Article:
My impression, having finished the book, is that Allan is very good at asking questions but I'm not at all sure he provides detailed answers to all the questions. He seems to be more likely to suggest possible avenues for future research which might confirm his theories/initial findings (e.g. in the final quote in this section, see below).

Allan adds that

I do think we need to recognise that inherent to any commitment to the kinds of masculinity we are seeing in the popular romance is also a kind of institutional homophobia that lurks in the background of the romance novel and is written on the hero's body. In many ways, I agree with [Jayashree] Kamblé's contention [in Making Meaning in Popular Romance Fiction] that 'during the most visible moments in the history of the gay rights movement [...] the romance strand alters its hero to evince features of the Heterosexual Alphaman'. [...] What I am arguing, thus, is that the romance novel contains an internalised homophobia - as a genre - in which the male body must be constructed by what it is not: feminine, queer, homosexual. (36)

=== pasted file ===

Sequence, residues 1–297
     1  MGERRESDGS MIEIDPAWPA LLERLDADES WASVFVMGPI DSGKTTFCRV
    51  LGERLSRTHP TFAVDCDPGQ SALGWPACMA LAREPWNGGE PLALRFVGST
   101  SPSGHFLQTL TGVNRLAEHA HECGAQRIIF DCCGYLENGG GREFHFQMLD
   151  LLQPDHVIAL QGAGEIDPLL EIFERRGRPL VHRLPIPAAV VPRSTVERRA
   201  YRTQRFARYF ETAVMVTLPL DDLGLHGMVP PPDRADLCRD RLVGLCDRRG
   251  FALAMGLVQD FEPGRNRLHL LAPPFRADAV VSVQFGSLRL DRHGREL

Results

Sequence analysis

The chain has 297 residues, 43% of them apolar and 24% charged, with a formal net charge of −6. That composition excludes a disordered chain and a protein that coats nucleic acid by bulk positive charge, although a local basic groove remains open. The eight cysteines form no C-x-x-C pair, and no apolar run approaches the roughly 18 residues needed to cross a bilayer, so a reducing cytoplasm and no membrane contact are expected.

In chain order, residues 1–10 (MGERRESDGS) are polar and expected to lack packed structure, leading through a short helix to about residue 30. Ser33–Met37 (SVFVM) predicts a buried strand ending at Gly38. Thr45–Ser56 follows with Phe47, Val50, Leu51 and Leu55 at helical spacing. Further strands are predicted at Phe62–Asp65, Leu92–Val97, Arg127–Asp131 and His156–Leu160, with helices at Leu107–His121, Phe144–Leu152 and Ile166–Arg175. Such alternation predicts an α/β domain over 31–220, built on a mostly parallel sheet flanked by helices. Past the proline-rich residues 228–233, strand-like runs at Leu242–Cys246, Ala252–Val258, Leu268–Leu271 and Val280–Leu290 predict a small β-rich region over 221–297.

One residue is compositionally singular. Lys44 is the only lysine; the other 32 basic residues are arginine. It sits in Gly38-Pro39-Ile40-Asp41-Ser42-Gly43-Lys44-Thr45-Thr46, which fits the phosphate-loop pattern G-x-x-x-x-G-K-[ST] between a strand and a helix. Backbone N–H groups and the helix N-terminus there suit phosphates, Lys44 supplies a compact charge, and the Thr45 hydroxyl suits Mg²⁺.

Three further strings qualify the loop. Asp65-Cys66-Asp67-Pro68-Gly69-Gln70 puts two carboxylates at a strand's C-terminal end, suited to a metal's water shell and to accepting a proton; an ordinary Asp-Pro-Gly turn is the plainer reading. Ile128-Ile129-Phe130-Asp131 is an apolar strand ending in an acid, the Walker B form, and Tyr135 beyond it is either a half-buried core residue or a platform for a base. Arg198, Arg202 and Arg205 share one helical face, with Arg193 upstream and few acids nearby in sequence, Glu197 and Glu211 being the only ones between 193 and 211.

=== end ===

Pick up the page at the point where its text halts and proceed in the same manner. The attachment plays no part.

He concludes that

Hegemonic and ideal forms of masculinity are nearly a rule in the popular romance novel of the eighties and early nineties. A larger study is required to make generalisations about the genre as a whole [...] I would caution that a larger study is required to sustain many of these suppositions (the male-male romance novel, for instance, may well become a site in which masculinity is explored in innovative and diverse ways). These masculinities are part of and contribute to heteropatriarchal capitalism. [...] To critique the romance novel for its commitment to hegemonic and ideal masculinity qua white, capitalist, bourgeois, heterosexual, and so on is not to reject the genre, but rather to ask new and important questions about its continuing success. [...] It is hoped that this study will encourage other scholars to develop an interest in popular romance novels and moreover that scholars of popular romance studies will begin to take into consideration the valuable lessons found throughout critical studies of men and masculinities. (39)

Chapter 3 - Reconsidering the Money Shot: Orgasm and Masculinity

Allan opens with a quote from a sex scene and then states that

The orgasm is essential to the popular romance novel, much in the same way that the money shot is seemingly essential to the pornographic text. [...] The money shot, like the orgasm in romance, has a long and storied history, and it has subsequently become a hotly debated aspect within the critical response to pornography. Surprisingly, romance scholars have not spilt nearly as much ink on the orgasm as porn scholars have on the money shot. As such, this chapter works to show how the orgasm is essential to romance and moreover that it functions like the money shot in pornography. (40)